Michigan handles Purdue, extends winning streak to 10

Caris LeVert had his first career double-double, finishing with 14 points and 11 rebounds.

Tony Ding/AP

ANN ARBOR — It is a good thing that Michigan didn’t have to play a fourth straight top-10 team Thursday night.

They probably wouldn’t have beaten one.

Luckily, for the No. 10 Wolverines, they were facing struggling Purdue, and a decent performance was good enough for a 75-66 victory.

"There are never easy games in this league," said John Beilein after the Wolverines handed Purdue its third straight loss. "That’s a team that has been to a lot of NCAA tournaments in the last few years, and went to a Sweet 16 fairly recently. They are having a tough season right now, but they are still a very good young team."

Michigan was unusually sloppy with the ball, turning it over 16 times, and got beaten up on the boards. Purdue grabbed nearly 40 percent of its missed shots, while the Wolverines were only able to get the ball back 24 percent of the time.

VIDEO: Michigan-Purdue highlights

"The turnovers and offensive rebounds were unacceptable tonight, and we know that," Beilein said. "That’s something we’ll be working on before our next game. They’ve got a big guy inside, and we have a small lineup, but we still have to get the rebounds."

Purdue guard Ronnie Johnson said that the Boilermakers knew they were going to have to gamble on defense.

"Michigan has all those great shooters, and they can go inside-out on you so quickly," he said. "If we just let them take shots, we weren’t going to beat them. We did a lot of studying and practicing against their 2-1-2 set, and that’s what got us the turnovers."

Caris LeVert had four of Michigan’s turnovers, and thought he and his teammates started pressing a little after early mistakes.

"We didn’t like the turnovers, but I think some of them came when we were trying to make up for the mistakes we had already made," he said. "You can’t do that. You have to forget about those mistakes and just keep playing your game."

LeVert more than made up for a few sloppy passes, though. He had his first career double-double, finishing with 14 points and 11 rebounds. After never topping seven rebounds in his first season-and-a-half, he now has 18 in Michigan’s last two games, an especially impressive achievement for someone playing on the perimeter. It did help him that Purdue went 2-for-14 on 3-pointers, meaning he was able to grab several long rebounds.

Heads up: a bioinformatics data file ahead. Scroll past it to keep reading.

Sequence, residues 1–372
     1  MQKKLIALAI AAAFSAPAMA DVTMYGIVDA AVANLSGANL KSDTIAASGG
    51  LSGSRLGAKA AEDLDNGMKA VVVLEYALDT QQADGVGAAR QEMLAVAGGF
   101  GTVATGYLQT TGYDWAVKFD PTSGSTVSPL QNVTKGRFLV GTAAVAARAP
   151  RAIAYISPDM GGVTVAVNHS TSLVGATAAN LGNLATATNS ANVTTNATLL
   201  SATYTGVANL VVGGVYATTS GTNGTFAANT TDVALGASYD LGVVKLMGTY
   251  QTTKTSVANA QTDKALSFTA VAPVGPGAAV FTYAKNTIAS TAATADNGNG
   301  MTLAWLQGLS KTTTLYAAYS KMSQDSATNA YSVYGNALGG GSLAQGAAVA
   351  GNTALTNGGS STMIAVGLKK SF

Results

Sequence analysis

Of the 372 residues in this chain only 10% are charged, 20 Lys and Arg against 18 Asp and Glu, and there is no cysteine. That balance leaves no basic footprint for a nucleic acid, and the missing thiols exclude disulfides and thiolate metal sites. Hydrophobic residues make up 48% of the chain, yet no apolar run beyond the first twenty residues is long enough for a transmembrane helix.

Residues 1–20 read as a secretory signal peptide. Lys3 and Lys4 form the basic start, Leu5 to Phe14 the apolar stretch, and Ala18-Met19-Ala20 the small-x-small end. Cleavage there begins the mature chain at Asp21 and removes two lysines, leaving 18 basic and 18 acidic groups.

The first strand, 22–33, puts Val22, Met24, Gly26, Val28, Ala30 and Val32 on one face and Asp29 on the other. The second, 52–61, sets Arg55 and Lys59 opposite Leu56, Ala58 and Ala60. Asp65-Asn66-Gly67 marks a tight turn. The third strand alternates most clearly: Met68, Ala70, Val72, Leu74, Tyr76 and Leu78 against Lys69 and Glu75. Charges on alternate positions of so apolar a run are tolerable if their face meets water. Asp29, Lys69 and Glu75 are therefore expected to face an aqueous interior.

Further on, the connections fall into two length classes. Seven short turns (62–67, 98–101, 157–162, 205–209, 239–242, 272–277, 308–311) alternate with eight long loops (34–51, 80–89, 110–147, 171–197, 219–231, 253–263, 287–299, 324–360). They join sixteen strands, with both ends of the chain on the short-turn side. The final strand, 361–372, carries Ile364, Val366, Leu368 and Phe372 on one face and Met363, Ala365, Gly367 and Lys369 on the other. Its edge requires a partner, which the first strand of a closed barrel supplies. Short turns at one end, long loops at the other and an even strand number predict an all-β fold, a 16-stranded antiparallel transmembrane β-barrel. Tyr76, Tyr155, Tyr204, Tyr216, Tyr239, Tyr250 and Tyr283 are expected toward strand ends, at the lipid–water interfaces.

LeVert and Nik Stauskas were also impressive on the offensive end, combining for 30 points on 10-of-21 shooting, but it was Michigan’s third guard who stole the show for a second straight game. Freshman point guard Derrick Walton Jr., the Big Ten’s reigning Freshman of the Week, had 14 points on seven shots and added three rebounds and three assists.

Walton’s most impressive play of the game came at the end of the first half. Purdue center A.J. Hammons had just committed a lane violation with 4.5 seconds to play, preventing Purdue from shooting two free throws that could have cut Michigan’s lead to 35-31. 

Instead, Michigan quickly inbounded the ball to Walton, who blew past Hammons and hit a layup at the buzzer to give the Wolverines an eight-point lead.

"That was my fault on both ends of the floor," Hammons said. "I jumped the free throw, and then I thought I could stop the ball, but he went right by me. I didn’t realize he was that quick."

Generously listed at 6-foot-1, Walton is used to opposing players underestimating him, but after the first 20 games of his career, he is well on his way to joining Darius Morris and Trey Burke as point guards who thrived at Michigan under Beilein.

This time, Hammons didn’t expect Walton to show the quickness that led Beilein to compare him to Manny Harris, and it gave Michigan a key boost going into the second half. They came out hot in the second half, making nine of their first 11 shots, and Purdue never had a chance.

For the night, Michigan shot 60.9 percent, including 53.8 percent on 3-pointers.

"We struggled with a lot of things, but we shot the ball well," Beilein said. "That helps overcome a lot of things."